Deb Shinder wonders if dropping legacy support and backward compatibility is the way Microsoft could regain momentum in a competitive market. Sound crazy?
Unlike some of my readers, I'm old enough to remember when Bill Gates was the new kid on the block, the young upstart who first partnered with and later challenged stodgy, old IBM's position at the top of the technology heap. Recently I've heard quite a bit of chatter regarding how Microsoft has grown old and cranky itself and is now thought of much as IBM was back in those days: as a lumbering giant whose glory days are behind it.
Microsoft is, as discussed in last week's column, still a highly profitable entity, despite pronouncements by many that the company is failing. It's still making money -- lots of it -- but on Forbes magazine's recently released list of the world's most innovative companies, Microsoft comes in at a not-very-impressive 86, with main competitors Apple and Google making it into the top ten.
Too big to not fail?
Some say the problem with Microsoft is that it's just too big. Once an organism exceeds its maximum optimal size, it inevitably starts to break down. With close to 90,000 employees (compared to almost 50,000 at Apple and fewer than 40,000 at Google), no one can argue that Microsoft isn't a size XL when it comes to head count. On the other hand, stodgy, old IBM would qualify as a XXXL, employing well over 400,000 workers. But what do these figures really mean?
Is slimming down the answer to making Microsoft more successful? Does the company need to get leaner and meaner? In the chart titled "Employees in 2011 vs. 2008" in the linked article it's interesting to note that Microsoft is actually the only company in the list that showed a lower employee head count in 2011 than in 2008 (89,000 vs. 91,000). Indeed, there have been a number of well-publicized layoffs in the last few years, with 5,000 employees getting the axe in 2009 (but at the same time, new positions opened bringing the net change to 2,000-3,000). Even well-known Microsoft "rock stars" such as Steve Riley weren't safe. A smaller number of job cuts were made in July 2010.
Those cuts probably had some positive effect on Microsoft's bottom line, but did they make the company more streamlined or better in any way? And was size really the problem to begin with?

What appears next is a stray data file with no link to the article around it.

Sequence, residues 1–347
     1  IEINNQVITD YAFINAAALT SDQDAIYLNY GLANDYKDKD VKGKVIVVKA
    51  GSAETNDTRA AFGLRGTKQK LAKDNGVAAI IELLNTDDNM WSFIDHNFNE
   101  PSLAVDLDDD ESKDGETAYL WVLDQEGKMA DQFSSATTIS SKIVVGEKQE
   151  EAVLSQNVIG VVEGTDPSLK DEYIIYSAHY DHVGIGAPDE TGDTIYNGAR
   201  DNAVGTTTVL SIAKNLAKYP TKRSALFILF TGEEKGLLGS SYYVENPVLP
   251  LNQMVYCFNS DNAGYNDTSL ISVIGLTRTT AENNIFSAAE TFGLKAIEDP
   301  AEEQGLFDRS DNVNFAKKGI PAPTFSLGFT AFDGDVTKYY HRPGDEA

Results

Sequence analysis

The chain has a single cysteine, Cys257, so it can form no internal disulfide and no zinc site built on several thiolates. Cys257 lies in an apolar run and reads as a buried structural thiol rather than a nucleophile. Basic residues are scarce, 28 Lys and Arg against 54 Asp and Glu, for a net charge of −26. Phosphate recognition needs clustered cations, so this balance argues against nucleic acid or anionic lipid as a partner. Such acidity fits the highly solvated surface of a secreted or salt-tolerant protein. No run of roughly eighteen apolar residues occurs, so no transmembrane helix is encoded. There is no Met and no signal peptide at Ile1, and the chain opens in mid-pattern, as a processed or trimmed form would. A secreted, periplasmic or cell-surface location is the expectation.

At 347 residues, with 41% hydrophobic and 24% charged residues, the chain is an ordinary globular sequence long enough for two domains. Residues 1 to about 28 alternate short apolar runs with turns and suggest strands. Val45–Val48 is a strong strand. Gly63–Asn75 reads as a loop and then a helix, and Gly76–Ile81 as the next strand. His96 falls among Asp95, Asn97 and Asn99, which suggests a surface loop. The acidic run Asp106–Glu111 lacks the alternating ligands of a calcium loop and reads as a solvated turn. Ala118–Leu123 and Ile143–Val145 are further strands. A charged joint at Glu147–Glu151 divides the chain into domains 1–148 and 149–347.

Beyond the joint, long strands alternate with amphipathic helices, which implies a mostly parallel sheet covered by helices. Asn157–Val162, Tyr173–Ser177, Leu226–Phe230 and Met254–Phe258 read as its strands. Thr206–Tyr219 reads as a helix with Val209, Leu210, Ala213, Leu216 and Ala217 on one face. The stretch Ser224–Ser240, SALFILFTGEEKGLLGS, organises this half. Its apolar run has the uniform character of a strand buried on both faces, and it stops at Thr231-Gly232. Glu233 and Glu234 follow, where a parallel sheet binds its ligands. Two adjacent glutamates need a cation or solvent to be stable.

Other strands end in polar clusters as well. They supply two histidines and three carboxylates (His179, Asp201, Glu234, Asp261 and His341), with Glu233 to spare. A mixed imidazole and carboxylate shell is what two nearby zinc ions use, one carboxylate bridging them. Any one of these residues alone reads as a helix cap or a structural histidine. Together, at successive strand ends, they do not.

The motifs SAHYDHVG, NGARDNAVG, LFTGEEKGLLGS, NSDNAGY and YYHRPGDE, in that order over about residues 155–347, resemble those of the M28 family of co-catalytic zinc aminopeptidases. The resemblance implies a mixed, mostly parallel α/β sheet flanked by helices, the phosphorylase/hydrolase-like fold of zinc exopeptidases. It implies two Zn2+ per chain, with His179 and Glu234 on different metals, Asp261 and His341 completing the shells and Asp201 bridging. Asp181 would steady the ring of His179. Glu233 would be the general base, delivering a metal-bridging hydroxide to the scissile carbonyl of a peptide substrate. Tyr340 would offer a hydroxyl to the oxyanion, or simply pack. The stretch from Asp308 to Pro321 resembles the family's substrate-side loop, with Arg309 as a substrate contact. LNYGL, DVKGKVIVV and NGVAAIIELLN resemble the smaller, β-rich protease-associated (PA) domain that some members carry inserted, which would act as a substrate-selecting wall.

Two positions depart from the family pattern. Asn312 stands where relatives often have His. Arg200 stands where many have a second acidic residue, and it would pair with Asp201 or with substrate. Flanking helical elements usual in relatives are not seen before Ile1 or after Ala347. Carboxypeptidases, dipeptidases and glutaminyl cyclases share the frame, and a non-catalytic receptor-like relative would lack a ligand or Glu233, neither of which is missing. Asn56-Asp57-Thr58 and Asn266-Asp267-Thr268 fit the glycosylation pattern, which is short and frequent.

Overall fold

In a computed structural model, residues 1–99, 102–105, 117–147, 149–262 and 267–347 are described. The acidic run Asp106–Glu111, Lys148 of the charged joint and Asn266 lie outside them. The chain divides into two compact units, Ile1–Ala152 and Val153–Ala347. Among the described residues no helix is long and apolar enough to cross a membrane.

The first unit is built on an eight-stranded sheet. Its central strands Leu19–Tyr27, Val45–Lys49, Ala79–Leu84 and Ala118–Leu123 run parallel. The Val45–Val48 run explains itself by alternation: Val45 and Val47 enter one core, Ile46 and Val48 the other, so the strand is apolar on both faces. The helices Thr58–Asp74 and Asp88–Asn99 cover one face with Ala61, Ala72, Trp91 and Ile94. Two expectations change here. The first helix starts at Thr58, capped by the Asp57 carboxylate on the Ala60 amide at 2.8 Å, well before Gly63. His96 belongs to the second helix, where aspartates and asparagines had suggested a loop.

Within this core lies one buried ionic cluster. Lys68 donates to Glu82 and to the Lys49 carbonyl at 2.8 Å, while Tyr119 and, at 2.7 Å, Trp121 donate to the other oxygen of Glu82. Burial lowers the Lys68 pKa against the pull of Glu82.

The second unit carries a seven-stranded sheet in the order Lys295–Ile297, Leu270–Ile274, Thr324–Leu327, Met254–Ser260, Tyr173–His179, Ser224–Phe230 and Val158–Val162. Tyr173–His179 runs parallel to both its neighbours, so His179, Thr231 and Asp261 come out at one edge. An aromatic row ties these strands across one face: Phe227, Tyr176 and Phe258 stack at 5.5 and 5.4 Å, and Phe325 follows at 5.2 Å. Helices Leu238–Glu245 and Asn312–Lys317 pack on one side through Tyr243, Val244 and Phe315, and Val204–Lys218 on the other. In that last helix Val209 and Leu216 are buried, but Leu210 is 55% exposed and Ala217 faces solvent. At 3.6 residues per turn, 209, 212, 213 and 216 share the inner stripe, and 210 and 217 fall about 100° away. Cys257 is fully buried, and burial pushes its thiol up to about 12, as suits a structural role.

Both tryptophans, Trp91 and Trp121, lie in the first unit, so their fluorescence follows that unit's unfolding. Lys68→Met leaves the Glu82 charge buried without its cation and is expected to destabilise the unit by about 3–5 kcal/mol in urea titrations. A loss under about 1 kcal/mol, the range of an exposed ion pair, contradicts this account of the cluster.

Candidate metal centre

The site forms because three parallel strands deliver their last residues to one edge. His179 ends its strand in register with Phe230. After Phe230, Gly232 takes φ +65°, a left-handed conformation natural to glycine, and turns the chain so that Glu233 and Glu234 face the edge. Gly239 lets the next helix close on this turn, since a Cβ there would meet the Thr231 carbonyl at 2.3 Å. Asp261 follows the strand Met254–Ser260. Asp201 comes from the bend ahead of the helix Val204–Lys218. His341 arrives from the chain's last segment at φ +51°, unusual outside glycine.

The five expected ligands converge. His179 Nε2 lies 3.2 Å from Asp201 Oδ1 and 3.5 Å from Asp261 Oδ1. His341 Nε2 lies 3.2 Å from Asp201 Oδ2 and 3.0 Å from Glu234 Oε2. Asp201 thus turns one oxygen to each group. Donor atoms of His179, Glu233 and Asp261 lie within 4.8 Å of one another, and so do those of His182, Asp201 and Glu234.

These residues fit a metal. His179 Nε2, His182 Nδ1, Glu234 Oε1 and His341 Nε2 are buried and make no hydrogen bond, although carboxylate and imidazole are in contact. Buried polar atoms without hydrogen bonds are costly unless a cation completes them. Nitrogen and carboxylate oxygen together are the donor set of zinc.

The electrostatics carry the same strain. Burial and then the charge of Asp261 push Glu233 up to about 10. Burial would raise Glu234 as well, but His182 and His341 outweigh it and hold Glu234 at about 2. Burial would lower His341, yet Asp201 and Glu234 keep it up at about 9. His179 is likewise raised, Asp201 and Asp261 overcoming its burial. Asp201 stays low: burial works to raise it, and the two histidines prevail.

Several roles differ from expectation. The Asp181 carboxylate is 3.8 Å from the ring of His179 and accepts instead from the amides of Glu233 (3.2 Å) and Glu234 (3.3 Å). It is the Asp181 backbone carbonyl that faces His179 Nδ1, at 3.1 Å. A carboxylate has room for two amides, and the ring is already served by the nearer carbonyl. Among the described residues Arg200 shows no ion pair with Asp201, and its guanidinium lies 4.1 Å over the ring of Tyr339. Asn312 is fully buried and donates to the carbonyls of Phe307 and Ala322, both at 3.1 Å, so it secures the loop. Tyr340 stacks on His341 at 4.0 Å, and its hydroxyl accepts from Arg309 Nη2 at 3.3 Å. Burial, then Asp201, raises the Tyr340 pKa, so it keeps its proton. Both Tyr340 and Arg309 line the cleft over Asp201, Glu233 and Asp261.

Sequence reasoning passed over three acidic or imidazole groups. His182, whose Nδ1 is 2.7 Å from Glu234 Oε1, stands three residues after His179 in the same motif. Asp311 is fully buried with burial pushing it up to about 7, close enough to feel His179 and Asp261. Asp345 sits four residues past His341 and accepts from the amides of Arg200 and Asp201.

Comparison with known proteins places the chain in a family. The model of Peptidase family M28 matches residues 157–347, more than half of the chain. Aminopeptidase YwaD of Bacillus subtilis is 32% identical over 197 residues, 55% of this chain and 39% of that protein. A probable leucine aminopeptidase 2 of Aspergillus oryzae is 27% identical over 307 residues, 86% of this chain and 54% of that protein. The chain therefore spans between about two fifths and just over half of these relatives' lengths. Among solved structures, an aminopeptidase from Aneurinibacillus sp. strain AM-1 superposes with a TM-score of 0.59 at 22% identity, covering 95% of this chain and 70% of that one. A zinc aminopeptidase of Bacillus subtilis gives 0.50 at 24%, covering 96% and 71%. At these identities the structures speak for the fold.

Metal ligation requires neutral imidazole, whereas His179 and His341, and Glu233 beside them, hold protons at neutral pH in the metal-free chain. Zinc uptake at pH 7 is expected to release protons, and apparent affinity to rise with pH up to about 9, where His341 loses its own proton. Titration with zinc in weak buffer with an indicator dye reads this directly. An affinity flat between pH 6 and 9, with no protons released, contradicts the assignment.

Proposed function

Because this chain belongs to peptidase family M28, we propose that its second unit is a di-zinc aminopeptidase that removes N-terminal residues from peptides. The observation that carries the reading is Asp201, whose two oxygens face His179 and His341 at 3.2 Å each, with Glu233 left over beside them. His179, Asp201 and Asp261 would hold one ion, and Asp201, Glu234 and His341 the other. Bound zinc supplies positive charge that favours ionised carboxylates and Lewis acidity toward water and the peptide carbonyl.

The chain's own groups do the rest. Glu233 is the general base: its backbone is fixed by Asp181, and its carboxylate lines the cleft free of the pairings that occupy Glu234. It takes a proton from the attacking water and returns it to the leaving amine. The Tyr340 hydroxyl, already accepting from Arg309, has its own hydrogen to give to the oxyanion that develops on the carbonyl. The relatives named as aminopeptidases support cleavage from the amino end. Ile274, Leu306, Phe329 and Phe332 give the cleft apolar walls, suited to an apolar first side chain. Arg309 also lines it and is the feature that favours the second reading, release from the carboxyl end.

Too old to rock and roll?
I've heard others say that the problem isn't size, but age. According to Microsoft's own web site, more than 43 percent of employees are over 40, with another 41 percent in the 30-39 age bracket. Median age, according to PayScale.com's "Top IT Employers Compared," is 35, only a couple of years older than the median of 33 at Apple (Google's median age is 31 and at Facebook it's only 26). The leaders at Microsoft (CEO Steve Ballmer and Chairman Bill Gates) are in their early to mid-50s. Google's CEO, Larry Page, is a bit younger (38), although Executive Chairman Eric Schmidt was born in 1955 -- the same year as Bill Gates and Steve Jobs.
But maybe it's not about chronological age. Hedge fund manager David Einhorn accused Steve Ballmer of being "stuck in the past" and blamed that for Microsoft's stagnant stock performance. He's not the only one who's questioned whether Microsoft is too old to be innovative. As 2009 came to an end and we entered the new decade, Mary Jo Foley was already wondering whether the 40- and 50-year-old leadership was "too old to keep Microsoft at the cutting edge in our Tweet-happy, Foursquare-obsessed world."
Is a clean break called for?
If the problem is that Microsoft is stuck in the past, the obvious solution would be to make a clean break with that past. But how do you do that? Einhorn and others think the housecleaning should start at the top. Numerous bloggers have called for the resignation or firing of Steve Ballmer. About a year ago, a TechRepublic Windows Blog poll asked whether Microsoft should dump Ballmer, and comments were all over the map. There is obviously a lot of dissatisfaction with (and even vehemence toward) Ballmer out there.
Some have likened Ballmer to John Scully at Apple and have suggested that just as Apple brought back Steve Jobs -- and then skyrocketed from "down and out" to wild success -- Microsoft should bring Bill Gates back to the helm. The idea has merit; it also worked for Dell, when CEO Michael Dell came out of retirement to breathe new life into the company he founded. Whether Bill would even be interested in the job is another question. Others have suggested replacing Ballmer with Mark Zuckerberg or other "young blood."